Ever since I came to southern France, lavender has been on my mind. That’s because its a prime nectar source in much of the Mediterranean basin. It is in Provence where much is grown commercially, however, that it is most highly sought after by both producer and consumer. The honey is extra light amber to white, has that unique “lavender” essence and crystallizes into a very smooth texture.
Lavender blooms in southern France beginning the first week in July. The bees are attracted to it, but so is a host of other insects. This leads to a major problem, use of pesticides on the crop. A leaflet published by the Secrétariat: ARDEPPAM in Manosque, France is entitled: “Recognize the pests of Lavendes and Lavandins.” It provides pictures and descriptions of the larvae of several beetles and moths that attack this plant. Plant bugs of various types are also listed. The insecticides recommended for control are generally toxic to bees.
Unfortunately, the lavender plant is not grown for bee forage only. Its first use is for the perfume trade. Much of the material stays in France, but a large portion is also exported. The high value of the crop makes pesticide application economically feasible, sometimes obligatory, if a good crop is to be realized. Farmers, therefore, often give honey bees short shrift in their decisions to apply chemical control. This leads to the standard problems seen all over the world between beekeeper and grower when it comes to pesticide application. French beekeepers do have some protection in the form of insurance which is available in case of colony damage, but this is often only a Band-Aid approach and not a final solution to the problem
Perhaps the most complete study concerning the lavender plant and its effects on beekeeping was published by E. Barbier (Annales de L’abeille, Vol. 6, No. 2, pp. 85-159, 1963). According to this document, the genus Lavandula is represented by three species in southeastern France, L. latifolia, L. vera, and L. stoechas. The most important plant, however, is the hybrid of these, grouped under the name “lavandins.” The hybrid produces more essence and so has been cultivated since 1925 throughout the region. Unfortunately, the plant also produces very little pollen and practically none is gathered by the bees. This results in a reduction in colony growth during the time bees are on the lavandins. It also means that colonies on lavandins have limited populations for any succeeding nectar flow. In addition, colony strength can be so low that the bees do not have the ability to remove the optimum amount of moisture from the nectar which can lead to deterioration of the subsequent honey crop. These elements, together with possible pesticide damage to colonies, makes going to the lavender for honey production a risky business in southern France.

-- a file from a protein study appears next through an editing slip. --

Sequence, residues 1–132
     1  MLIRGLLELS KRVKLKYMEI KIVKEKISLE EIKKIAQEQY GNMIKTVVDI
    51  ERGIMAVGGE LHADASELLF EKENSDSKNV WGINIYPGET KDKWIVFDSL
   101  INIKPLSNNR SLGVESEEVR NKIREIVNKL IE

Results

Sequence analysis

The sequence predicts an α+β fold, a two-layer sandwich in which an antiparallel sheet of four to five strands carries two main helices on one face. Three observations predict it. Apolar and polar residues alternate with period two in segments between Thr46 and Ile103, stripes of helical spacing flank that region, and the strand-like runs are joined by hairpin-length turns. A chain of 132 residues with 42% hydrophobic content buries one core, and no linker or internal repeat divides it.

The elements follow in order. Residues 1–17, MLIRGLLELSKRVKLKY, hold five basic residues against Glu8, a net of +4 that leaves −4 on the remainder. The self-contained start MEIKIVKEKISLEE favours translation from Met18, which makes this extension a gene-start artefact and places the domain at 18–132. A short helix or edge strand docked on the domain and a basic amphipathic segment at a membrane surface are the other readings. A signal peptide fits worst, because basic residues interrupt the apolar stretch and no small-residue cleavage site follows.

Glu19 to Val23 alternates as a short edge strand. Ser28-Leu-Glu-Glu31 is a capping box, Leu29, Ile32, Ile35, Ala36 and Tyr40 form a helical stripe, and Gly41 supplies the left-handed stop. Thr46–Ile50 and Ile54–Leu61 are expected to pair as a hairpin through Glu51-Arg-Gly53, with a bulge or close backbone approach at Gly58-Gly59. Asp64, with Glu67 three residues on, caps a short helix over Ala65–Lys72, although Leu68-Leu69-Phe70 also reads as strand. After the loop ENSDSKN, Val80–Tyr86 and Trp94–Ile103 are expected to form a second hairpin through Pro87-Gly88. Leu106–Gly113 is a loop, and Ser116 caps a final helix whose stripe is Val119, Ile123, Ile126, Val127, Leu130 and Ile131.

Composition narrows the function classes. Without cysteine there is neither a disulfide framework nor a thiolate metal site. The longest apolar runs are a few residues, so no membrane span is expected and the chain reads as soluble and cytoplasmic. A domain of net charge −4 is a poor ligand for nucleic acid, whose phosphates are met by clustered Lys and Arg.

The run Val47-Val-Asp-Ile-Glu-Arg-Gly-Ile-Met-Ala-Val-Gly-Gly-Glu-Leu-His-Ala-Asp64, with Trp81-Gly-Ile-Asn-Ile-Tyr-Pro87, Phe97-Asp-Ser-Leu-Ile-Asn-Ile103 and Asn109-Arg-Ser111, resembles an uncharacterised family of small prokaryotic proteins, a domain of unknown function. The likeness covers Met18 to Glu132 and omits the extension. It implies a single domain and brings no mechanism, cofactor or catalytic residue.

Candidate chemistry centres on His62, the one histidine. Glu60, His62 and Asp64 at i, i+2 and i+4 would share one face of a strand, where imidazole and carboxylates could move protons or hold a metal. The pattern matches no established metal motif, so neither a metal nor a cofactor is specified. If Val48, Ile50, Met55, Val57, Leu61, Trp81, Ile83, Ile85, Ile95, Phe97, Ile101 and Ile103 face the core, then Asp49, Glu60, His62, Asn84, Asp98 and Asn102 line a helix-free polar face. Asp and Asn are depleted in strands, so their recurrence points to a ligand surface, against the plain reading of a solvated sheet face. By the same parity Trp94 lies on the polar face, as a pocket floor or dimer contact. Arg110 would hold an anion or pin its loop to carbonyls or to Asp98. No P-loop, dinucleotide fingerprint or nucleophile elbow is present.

The honey from lavandins is, however, highly sought after. In general, it commands a premium price. Unfortunately, it, like many premium honeys, is prone to abuse in the form of mislabeling. As a consequence, a “Red Label” has been adopted for this particular product to ensure customers that the product is as advertised. Unfortunately, the limited amount of pollen in the product acts against effective certification of the honey as monofloral. According to Y. Loublier and colleagues (Grana Vol. 33, pp. 231-238, 1994), the characterization of monofloral lavender honey (Lavandula sp and their hybrids) is based on a ten to 20 percent pollen content. This level is set by the International Commission of Bee Botany. Their study using 36 commercial samples did not reveal enough pollen to enable certification of these as monofloral.One remarkable conclusion found by E. Barbier was that honey bee visitation results in an increase in essential oils in the lavandins. This is evidence that honey bee foraging can be beneficial in fields, whether or not pollen is actively gathered and transferred. Some of the same phenomena appears to be true for other cultivated plants, like seedless watermelons . Taken together, these other effects are good arguments for beekeepers to make to growers during bloom time in an effort to keep pesticide application to a minimum.